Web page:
Two examples of shoddy journalism that irked me.
The first, described on Twitter as being an example of “Tory values”:
In a bid to crack down on so-called ‘health tourism’, 20 NHS trusts across the country have taken part in a government pilot scheme to trial identity checks for patients. The results of the pilots are due to be published later this year, but doctors, patients and health organisations have spoken to Politics.co.uk to raise serious concerns about the impact they have had.
“One of the worst cases involved a pregnant French woman who was of Asian descent,” one doctor says. “She arrived for a routine scan and was asked by reception staff if she was eligible for free care. She told them that she was French and had never needed to provide ID before. The receptionist told her that she didn’t ‘seem French’ and called the Paying Patients department to question her further.
“The woman was so upset by what was happening that she had a panic attack. I was called to check her over. I had to tell the Paying Patients department to leave the room because they had upset her so much.”
Sorry, but this doesn’t pass the smell test. Firstly, French people habitually carry ID with them everywhere and I doubt it’s a habit they ditch when they move to the UK unless they’ve been there many, many years. And to access the healthcare system in France they need to produce a separate carte vitale, which most French people carry in their wallets alongside their ID. It is therefore highly unlikely a pregnant French woman went to a hospital expecting treatment without bringing some form of ID. It is even less likely she had a panic attack on being asked for some.
Secondly, I have a hard time believing a hospital receptionist said she didn’t “seem French”: this isn’t the 1970s, and even the NHS would have given their receptionists some rudimentary training as to how to deal with those without ID. According to the journalist who wrote it, the doctor witnessed the whole thing – yet later she says he or she was “called to check her over”. Did the doctor stand idly by as this woman went into a panic attack, waiting to be called over? And who called her? Or was she actually out of earshot when the “didn’t seem French” remark was made (which I suspect is more likely) in which case who are we relying on for the quote?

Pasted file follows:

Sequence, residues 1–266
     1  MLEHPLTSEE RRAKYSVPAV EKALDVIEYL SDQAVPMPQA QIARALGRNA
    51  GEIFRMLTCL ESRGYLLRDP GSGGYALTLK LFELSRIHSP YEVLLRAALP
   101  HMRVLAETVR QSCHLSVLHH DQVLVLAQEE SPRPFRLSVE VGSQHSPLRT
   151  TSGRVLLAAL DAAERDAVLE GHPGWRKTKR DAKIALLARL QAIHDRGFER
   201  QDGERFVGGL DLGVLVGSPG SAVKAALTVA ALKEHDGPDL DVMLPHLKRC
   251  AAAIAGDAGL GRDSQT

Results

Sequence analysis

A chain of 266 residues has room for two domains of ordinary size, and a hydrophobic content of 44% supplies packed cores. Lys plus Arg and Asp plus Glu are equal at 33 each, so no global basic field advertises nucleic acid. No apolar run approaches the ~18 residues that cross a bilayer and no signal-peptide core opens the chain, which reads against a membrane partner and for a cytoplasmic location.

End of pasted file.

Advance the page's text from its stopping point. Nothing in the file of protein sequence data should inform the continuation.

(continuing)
This whole thing looks to me like an embellished story fed to a gullible reporter by an anonymous doctor who doesn’t like the policy. As a piece of journalism, it fails to establish key details of the story and doesn’t make sense even on a superficial level.
The BBC, reporting on the withdrawal of subsidies to health insurance companies, doesn’t do much better:
US President Donald Trump will end subsidies to health insurance providers designed to help low income households, as he continues his attempts to dismantle Obamacare.
The White House announced the move hours after Mr Trump signed an executive order allowing the sale of health insurance plans which are exempt from some of the law’s regulations.
The announcements come after Congress repeatedly failed to repeal Obamacare.
They were instantly criticised.
Democratic Party leaders Nancy Pelosi and Chuck Schumer issued a joint statement denouncing the end of subsidies as a “spiteful act of vast, pointless sabotage” which would harm the poorest citizens.
Meanwhile, critics of the initial announcement argued it could de-stabilise the Obamacare market by encouraging healthy consumers to leave their current plans, prompting a spike in premium costs for older Americans and those with pre-existing conditions.
According to a statement from the White House, the subsidies, which run into billions each year, were not legal.
This might come as a surprise to the BBC, but rulings on legality are not made in the White House but in courts. As the Washington Post reported last August:
Republicans have long protested the payments, and in late 2014 the GOP-led House filed a federal lawsuit against the Obama administration, contending that the subsidies were unconstitutional because Congress had not made a specific appropriation for them. Last year a federal district court ruled in the House’s favor, and the Obama administration appealed the case to the D.C. Circuit.
All Trump has done is stop the appeal. The illegality of the payments is therefore not a matter of a White House statement, implying its merely Trump’s opinion, but something ruled upon by a federal court. It’s yet another example of Obama deciding to do things on his own without consulting Congress, as he was constitutionally obliged to do. Not that you’d know that if you relied on the BBC for information.